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- The Pillars of the House, V1 - 60/124 -
'Nearly,' with a heavy sigh.
Felix drew an ancient straw-bottomed chair in front of the fire backwards, placed himself astride on it, laid his arms on the top and his forehead on them, and in this imposing Mentorial attitude began, 'After all, Clem, I don't see that you need be so desperately broken- hearted. It was mere innocence and ignorance. Water-drinkers at home are really not on a level with other people. I always have to be very guarded when I have to dine with the other reporters.'
'No,' said Clement, sadly; 'I do not regard the disgrace as the sin so much as the punishment.'
It was more sensible than Felix had expected. He was conscious of not understanding Clement, who always seemed to him like a girl, but if treated like one, was sure to show himself in an unexpected light.
'You did not know where you were going?'
'Not at first. I found out long before I came off the ice; and then, like an absurd fool as I was, I thought myself showing how to deal courteously and hold one's own with such people.'
'You are getting to the bottom of it,' said Felix.
'I have been thinking it over all day,' said Clement, mournfully. 'I see that such a fall could only be the consequence of long continued error. Have I not been very conceited and uncharitable of late, Felix?'
'Not more than usual,' said Felix, intending to speak kindly.
'I see. I have been treating my advantages as if they were merits, condemning others, and lording it over them. Long ago I was warned that my danger was spiritual pride, but self-complacency blinded me.' And he hid his face and groaned.
Felix was surprised. He could not thus have discussed himself, even with his father; but he perceived that if Clement had no one else to preach to he would preach to himself, and that this anatomical examination was done in genuine sorrow.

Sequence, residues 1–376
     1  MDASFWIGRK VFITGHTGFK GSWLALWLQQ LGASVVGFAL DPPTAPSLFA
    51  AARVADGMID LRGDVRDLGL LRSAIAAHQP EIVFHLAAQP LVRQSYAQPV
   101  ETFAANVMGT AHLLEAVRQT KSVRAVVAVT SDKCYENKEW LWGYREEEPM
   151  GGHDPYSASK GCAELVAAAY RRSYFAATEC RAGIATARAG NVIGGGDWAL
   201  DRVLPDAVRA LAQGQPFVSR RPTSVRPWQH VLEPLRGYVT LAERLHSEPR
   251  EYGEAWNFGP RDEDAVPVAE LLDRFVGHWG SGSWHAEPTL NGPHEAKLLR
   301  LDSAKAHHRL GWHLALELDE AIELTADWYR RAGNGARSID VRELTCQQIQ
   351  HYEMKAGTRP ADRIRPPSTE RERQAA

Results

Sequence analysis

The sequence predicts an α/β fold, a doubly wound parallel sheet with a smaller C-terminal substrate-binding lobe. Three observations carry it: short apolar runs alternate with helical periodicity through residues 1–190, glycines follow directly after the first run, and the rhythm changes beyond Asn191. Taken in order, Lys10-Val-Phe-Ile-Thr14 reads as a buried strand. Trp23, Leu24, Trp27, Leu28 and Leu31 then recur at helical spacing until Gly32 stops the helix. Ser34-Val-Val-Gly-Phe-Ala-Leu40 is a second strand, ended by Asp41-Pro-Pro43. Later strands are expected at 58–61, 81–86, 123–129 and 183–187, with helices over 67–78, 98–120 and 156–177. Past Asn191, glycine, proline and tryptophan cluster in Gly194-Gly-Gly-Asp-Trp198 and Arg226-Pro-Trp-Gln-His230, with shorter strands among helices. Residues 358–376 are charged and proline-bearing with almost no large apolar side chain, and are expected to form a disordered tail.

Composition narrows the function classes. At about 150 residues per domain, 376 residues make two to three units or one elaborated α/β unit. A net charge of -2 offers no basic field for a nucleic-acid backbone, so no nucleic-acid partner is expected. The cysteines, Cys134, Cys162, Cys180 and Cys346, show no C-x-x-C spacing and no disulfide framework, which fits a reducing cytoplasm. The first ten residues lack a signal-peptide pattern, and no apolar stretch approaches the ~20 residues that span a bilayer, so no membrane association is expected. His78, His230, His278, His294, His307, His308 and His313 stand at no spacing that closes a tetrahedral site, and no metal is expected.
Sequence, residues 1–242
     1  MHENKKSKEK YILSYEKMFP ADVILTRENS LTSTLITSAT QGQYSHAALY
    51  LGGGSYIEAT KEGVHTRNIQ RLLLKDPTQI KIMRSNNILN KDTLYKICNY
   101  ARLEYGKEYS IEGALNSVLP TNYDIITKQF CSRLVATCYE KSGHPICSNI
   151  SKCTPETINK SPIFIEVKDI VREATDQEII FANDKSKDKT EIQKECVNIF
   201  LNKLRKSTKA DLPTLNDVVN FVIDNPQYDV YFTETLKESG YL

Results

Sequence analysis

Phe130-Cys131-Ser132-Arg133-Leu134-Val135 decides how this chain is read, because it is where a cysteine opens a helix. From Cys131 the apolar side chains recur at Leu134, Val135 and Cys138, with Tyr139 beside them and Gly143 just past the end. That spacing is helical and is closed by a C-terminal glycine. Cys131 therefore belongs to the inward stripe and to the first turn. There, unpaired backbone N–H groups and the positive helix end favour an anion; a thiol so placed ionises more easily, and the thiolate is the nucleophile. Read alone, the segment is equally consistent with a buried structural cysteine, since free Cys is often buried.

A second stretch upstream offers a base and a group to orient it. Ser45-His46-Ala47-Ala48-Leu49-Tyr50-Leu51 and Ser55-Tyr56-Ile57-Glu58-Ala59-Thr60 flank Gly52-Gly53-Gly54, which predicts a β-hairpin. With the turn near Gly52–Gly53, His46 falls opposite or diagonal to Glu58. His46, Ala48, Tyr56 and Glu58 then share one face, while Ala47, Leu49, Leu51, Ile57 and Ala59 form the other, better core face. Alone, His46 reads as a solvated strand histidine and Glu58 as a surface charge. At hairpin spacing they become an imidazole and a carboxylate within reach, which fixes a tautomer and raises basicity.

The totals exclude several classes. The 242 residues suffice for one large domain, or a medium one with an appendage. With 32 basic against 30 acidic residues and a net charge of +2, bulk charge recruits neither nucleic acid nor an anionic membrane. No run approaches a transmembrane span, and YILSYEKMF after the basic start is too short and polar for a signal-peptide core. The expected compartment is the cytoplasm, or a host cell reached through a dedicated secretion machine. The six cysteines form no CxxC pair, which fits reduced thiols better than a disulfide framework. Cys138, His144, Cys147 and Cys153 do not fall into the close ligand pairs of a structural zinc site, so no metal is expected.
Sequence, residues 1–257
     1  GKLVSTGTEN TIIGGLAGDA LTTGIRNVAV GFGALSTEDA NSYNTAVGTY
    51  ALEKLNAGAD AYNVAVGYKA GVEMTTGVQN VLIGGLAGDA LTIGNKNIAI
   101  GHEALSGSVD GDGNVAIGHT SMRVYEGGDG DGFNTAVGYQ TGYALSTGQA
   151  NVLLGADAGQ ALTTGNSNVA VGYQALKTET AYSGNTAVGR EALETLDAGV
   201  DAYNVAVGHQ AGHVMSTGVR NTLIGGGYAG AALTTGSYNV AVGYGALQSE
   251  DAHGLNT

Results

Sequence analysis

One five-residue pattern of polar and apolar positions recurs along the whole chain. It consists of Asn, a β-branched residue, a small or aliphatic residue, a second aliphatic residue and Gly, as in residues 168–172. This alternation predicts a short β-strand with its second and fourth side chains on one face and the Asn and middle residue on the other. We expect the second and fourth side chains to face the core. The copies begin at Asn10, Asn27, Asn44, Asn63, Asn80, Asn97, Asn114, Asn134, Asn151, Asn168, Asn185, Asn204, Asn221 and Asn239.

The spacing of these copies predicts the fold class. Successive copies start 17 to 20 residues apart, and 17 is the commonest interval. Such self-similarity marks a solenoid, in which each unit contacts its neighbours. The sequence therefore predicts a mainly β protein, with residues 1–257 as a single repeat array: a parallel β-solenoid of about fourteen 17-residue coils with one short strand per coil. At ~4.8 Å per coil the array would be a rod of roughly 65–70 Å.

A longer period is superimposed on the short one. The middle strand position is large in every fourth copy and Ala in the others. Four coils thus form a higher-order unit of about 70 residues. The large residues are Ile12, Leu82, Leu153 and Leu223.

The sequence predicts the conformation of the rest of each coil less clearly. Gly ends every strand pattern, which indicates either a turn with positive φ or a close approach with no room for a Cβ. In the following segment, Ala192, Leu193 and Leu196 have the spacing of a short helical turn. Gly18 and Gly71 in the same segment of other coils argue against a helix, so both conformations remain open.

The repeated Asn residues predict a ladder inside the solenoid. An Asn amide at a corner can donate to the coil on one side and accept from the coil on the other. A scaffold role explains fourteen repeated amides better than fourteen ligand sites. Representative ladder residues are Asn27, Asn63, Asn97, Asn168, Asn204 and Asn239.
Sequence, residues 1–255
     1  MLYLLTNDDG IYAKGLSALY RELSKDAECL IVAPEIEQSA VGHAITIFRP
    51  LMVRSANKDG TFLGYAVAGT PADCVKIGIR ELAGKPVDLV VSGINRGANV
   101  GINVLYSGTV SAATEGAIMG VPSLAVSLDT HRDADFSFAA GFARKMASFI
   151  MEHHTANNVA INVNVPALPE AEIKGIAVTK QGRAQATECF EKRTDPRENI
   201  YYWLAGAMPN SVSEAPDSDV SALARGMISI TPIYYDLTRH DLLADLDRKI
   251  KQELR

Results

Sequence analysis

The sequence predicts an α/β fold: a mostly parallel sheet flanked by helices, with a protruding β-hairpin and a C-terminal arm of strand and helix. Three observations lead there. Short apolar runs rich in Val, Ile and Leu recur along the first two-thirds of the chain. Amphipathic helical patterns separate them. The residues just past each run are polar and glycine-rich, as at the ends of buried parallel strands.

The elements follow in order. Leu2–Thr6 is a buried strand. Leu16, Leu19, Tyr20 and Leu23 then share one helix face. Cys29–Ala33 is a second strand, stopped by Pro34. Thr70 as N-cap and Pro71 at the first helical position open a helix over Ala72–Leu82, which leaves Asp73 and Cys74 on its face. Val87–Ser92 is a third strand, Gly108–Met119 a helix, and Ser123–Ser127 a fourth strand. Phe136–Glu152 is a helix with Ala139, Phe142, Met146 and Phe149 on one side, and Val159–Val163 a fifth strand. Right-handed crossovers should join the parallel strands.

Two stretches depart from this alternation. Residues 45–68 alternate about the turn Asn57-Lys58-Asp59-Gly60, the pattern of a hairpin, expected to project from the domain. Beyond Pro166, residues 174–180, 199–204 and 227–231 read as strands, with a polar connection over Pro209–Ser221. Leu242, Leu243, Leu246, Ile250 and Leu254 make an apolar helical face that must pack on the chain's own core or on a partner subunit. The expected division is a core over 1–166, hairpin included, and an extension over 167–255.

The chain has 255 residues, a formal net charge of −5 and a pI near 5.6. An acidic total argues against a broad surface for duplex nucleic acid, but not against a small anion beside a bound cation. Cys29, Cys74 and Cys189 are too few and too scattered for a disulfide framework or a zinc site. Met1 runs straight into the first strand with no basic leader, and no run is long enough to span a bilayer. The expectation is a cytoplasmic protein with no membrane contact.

'No humility!' continued Clement. 'That is what has brought me to this. If I had distrusted and watched myself, I should have perceived when I grew inflated by their flattery, and never--egregious fool that I was--have thought I was showing that one of our St. Matthew's choir could meet worldly men on their own ground.'
Felix was glad that his posture enabled him to conceal a smile; but perhaps Clement guessed at it, for he exclaimed, 'A fit consequence, to have made myself contemptible to everybody!'
'Come, Clem, that is too strong. Your censorious way was bad for yourself, and obnoxious to us all, and it was very silly to go to that place after what you had heard.'
'After telling Lance it was unworthy of a servant of the sanctuary,' moaned Clement.
'Very silly indeed,' continued the elder brother, 'very wrong; but as to what happened there, it is not reasonable to look at it as more than an accident. It will be forgotten in a week by all but Fulbert and yourself, and you will most likely be the wiser for it all your lives. I never got on so well with Ful before, or saw him really sorry.
Clement only answered by a disconsolate noise; and Felix was becoming a little impatient, thinking the penitence overstrained, when he broke silence with, 'You must let me go up to St. Matthew's!'
'Really, Clement, it is hardly right to let you be always living upon Mr. Fulmort now your occupation is ended, and it would be braver not to run away.'
'I do not mean that!' cried Clement. 'I will not stay there. I would not burthen them; but see the Vicar I _must_! I will go third class, and walk from the station.'
'The fare of an omnibus will not quite break our backs,' said Felix, smiling. 'If this is needful to settle your mind, you had better go.'
'You do not know what this is to me,' said Clement, earnestly; 'I wish you did.' Then perceiving the recurrence to his old propensity, he sighed pitifully and hung his head, adding, 'It is of no use till Saturday, the Vicar is gone to his sisters.'
'Very well, you can get a return ticket on Saturday--that is, if the organist is come back.'
'Lance must play; I am not worthy.'
'You have no right to break an engagement for fancies about your own worthiness,' said Felix. 'Rouse yourself up, and don't exaggerate the thing, to alarm all the girls, and make them suspicious.'